New Zealand has rocketed up the Olympic Games medal tally to finish in seventh place, 31 places ahead of the United States but five behind Australia.

The Bahamas head the new table compiled on a per capita basis by Waikato University Management School academic David Coy.

The result is a reversal of form from four years ago when New Zealand was 24th on the medal table when population was taken into account.

Coy's system measures Olympic success by a nation's population and its gross domestic product (GDP) separately and combined.

He also allocated points to medals -- five for gold, three for silver and one for bronze.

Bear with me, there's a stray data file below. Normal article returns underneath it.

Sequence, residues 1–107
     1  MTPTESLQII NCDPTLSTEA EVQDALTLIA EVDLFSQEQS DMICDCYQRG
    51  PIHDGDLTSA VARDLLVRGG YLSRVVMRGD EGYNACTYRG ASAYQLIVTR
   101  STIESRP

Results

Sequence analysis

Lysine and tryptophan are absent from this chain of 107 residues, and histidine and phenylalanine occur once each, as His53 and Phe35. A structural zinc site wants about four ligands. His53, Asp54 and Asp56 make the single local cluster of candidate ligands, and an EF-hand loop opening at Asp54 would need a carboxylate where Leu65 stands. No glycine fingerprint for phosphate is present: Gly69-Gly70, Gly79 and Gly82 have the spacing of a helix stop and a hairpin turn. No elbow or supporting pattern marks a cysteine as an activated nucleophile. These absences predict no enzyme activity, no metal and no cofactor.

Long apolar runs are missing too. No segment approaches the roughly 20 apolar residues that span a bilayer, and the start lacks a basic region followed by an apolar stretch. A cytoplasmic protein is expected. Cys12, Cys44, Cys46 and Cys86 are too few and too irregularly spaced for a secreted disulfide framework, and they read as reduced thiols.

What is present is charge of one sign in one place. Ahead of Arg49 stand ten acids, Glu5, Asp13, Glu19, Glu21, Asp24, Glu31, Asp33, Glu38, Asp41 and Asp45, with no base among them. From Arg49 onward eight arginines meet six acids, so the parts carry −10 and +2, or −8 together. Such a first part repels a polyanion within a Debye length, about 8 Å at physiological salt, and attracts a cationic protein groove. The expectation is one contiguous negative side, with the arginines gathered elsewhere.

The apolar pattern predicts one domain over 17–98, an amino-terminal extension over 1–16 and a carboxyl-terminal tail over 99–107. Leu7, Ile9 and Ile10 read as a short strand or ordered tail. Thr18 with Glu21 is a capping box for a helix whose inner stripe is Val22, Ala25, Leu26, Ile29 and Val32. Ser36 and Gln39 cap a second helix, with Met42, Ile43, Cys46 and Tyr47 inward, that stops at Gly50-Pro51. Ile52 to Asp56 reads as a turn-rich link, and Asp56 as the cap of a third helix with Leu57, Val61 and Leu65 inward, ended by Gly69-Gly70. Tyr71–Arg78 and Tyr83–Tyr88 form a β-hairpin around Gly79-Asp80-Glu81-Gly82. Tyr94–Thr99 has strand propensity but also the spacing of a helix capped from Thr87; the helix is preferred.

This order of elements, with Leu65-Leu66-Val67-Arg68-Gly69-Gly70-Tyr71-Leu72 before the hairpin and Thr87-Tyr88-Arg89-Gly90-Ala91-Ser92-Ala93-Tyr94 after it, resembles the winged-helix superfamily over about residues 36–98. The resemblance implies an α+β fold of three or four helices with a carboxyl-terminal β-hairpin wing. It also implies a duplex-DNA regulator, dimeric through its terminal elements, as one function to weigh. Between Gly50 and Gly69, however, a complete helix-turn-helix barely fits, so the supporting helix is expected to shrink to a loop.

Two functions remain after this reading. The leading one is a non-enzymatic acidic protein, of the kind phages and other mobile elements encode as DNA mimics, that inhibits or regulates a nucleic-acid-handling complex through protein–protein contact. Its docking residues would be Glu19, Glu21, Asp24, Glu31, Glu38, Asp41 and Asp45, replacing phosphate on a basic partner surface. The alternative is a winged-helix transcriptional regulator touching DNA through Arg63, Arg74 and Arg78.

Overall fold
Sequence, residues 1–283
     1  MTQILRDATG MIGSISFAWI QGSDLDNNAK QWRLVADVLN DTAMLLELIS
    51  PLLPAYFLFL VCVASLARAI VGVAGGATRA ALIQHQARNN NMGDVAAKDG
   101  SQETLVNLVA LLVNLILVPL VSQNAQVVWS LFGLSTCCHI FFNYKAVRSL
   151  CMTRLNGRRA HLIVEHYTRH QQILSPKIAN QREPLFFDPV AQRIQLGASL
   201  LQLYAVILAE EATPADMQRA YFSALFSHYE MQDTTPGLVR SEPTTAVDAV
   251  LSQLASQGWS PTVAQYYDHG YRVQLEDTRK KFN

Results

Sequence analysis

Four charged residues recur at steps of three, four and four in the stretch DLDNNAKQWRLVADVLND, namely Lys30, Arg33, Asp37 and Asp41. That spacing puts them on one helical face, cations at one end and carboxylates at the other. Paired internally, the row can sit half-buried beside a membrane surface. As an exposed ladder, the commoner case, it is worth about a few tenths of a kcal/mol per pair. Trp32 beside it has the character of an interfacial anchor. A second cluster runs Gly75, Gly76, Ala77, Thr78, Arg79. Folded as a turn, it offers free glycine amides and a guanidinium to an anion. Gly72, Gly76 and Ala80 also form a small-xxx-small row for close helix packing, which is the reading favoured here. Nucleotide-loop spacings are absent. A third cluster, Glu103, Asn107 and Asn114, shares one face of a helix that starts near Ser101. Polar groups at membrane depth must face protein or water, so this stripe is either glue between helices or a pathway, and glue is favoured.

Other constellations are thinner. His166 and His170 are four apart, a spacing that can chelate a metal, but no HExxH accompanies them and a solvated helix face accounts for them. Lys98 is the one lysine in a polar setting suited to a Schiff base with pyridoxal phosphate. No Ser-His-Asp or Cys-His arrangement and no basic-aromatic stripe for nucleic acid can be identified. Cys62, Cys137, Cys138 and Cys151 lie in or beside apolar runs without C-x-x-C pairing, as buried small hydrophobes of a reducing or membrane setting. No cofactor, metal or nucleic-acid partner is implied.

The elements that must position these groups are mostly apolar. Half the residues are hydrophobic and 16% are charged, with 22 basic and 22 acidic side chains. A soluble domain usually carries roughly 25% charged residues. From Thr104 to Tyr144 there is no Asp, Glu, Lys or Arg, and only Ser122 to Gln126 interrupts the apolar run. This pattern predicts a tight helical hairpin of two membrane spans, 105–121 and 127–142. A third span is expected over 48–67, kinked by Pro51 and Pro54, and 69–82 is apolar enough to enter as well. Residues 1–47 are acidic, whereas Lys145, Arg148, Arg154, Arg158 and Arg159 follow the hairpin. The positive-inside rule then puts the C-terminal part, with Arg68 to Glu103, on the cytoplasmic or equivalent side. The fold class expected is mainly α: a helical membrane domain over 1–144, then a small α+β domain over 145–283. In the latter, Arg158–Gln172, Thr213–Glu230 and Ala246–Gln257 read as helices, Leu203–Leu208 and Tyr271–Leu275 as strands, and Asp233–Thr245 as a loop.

Poor countries did well when comparing medal performance with economic strength.

Georgia, with two golds and two silver, won that title easily from Zimbabwe with one of each medal, all won by the same swimmer.

New Zealand was 31st, one behind Australia and well clear again of Britain and the US.

And on the final medal table by country under Coy's points system, China fell from second to third behind the US and Russia. Australia was fourth and New Zealand 28th.

"My main interest in doing this is to get New Zealanders to realise that rather than complaining about our performances, it's pretty good here," Coy said.

"We do well economically and in sports terms."

Of the 202 countries in Athens, 75 gained at least one medal and 127 countries got none at all.

"Although there are some remarkable or unusual exceptions, such as Ethiopia and Zimbabwe, winning medals at the Olympic Games is as much about economic power as sporting prowess."